• Significant cost reduction as compared to a long-running HDFS cluster with three replicas on persistent disks;

  • Separation of storage from compute, allowing you to grow each layer independently;

  • Persisting the storage even after Hadoop clusters are terminated;

  • Sharing Cloud Storage buckets between ephemeral Hadoop clusters;

  • No storage administration overhead, like managing upgrades and high availability for HDFS.

The Cloud Storage Connector’s source code is completely open source and is supported by Google Cloud Platform (GCP). The connector comes pre-configured in Cloud Dataproc, GCP’s managed Hadoop and Spark offering. However, it is also easily installed and fully supported for use in other Hadoop distributions such as MapR, Cloudera, and Hortonworks. This makes it easy to migrate on-prem HDFS data to the cloud or burst workloads to GCP. 

The open source aspect of the Cloud Storage Connector allowed Twitter’s engineering team to closely collaborate with us on the design, implementation, and productionizing of the fadvise and cooperative locking features at petabyte scale. 

Cloud Storage Connector architecture
Here’s a look at what the Cloud Storage Connector architecture looks like:

Diagram 2.png

Cloud Storage Connector is an open source Apache 2.0 implementation of an HCFS interface for Cloud Storage. Architecturally, it is composed of four major components:

In the following sections, we highlight a few of the major features in this new release of Cloud Storage Connector. For a full list of settings and how to use them, check out the newly published Configuration Properties and gcs-core-default.xml settings pages.

Here are the key new features of the Cloud Storage Connector:

Improved performance for Parquet and ORC columnar formats
As part of Twitter’s migration of Hadoop to Google Cloud, in mid-2018 Twitter started testing big data SQL queries against columnar files in Cloud Storage at massive scale, against a 20+ PB dataset. Since the Cloud Storage Connector is open source, Twitter prototyped the use of range requests to read only the columns required by the query engine, which increased read efficiency. We incorporated that work into a more generalized fadvise feature. 

In previous versions of the Cloud Storage Connector, reads were optimized for MapReduce-style workloads, where all data in a file was processed sequentially. However, modern columnar file formats such as Parquet or ORC are designed to support predicate pushdown, allowing the big data engine to intelligently read only the chunks of the file (columns) that are needed to process the query. The Cloud Storage Connector now fully supports predicate pushdown, and only reads the bytes requested by the compute layer. This is done by introducing a technique known as fadvise.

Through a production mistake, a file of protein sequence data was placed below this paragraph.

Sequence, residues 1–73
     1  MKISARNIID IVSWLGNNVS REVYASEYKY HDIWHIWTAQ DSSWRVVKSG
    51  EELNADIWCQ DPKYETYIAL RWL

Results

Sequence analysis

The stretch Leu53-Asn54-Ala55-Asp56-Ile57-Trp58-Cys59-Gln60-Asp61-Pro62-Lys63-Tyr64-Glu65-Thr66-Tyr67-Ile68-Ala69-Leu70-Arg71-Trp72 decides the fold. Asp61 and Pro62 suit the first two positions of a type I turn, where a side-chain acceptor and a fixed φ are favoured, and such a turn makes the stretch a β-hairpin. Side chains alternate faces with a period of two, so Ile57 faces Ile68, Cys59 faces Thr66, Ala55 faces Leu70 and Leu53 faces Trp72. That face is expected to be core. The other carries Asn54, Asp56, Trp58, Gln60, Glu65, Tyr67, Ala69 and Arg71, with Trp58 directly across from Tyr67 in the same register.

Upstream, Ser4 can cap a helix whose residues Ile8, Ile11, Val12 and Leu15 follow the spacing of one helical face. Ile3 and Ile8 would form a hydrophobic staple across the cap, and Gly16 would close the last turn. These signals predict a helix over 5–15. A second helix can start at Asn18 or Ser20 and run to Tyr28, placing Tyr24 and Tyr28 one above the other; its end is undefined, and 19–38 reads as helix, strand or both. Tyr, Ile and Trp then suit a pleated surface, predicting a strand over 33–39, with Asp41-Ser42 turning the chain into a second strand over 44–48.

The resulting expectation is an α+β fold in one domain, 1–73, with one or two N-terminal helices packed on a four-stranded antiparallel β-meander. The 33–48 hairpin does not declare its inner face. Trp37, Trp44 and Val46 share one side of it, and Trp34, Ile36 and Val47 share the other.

You may already be familiar with the fadvise feature in Linux. Fadvise allows applications to provide a hint to the Linux kernel with the intended I/O access pattern, indicating how it intends to read a file, whether for sequential scans or random seeks. This lets the kernel choose appropriate read-ahead and caching techniques to increase throughput or reduce latency.

The new fadvise feature in Cloud Storage Connector implements a similar functionality and automatically detects (in default auto mode) whether the current big data application’s I/O access pattern is sequential or random.

In the default auto mode, fadvise starts by assuming a sequential read pattern, but then switches to random mode upon detection of a backward seek or long forward seek. These seeks are performed by the position() method call and can change the current channel position backward or forward. Any backward seek triggers the mode change to random; however, a forward seek needs to be greater than 8 MB (configurable via fs.gs.inputstream.inplace.seek.limit). The read pattern transition (from sequential to random) in fadvise’s auto mode is stateless and gets reset for each new file read session.

Fadvise can be configured via the gcs-core-default.xml file with the fs.gs.inputstream.fadvise parameter:

  • AUTO (default), also called adaptive range reads—In this mode, the connector starts in SEQUENTIAL mode, but switches to RANDOM as soon as the first backward or forward read is detected that’s greater than fs.gs.inputstream.inplace.seek.limit bytes (8 MiB by default).

  • RANDOM—The connector will send bounded range requests to Cloud Storage; Cloud Storage read-ahead will be disabled.

  • SEQUENTIAL—The connector will send a single, unbounded streaming request to Cloud Storage to read an object from a specified position sequentially.

In most use cases, the default setting of AUTO should be sufficient. It dynamically adjusts the mode for each file read. However, you can hard-set the mode.

Ideal use cases for fadvise in RANDOM mode include:

  • SQL (Spark SQL, Presto, Hive, etc.) queries into columnar file formats (Parquet, ORC, etc.) in Cloud Storage

  • Random lookups by a database system (HBase, Cassandra, etc.) to storage files (HFile, SSTables) in Cloud Storage

Ideal use cases for fadvise in SEQUENTIAL mode include:

  • Traditional MapReduce jobs that scan entire files sequentially

  • DistCp file transfers

Cooperative locking: Isolation for Cloud Storage directory modifications
Another major addition to Cloud Storage Connector is cooperative locking, which isolates directory modification operations performed through the Hadoop file system shell (hadoop fs command) and other HCFS API interfaces to Cloud Storage.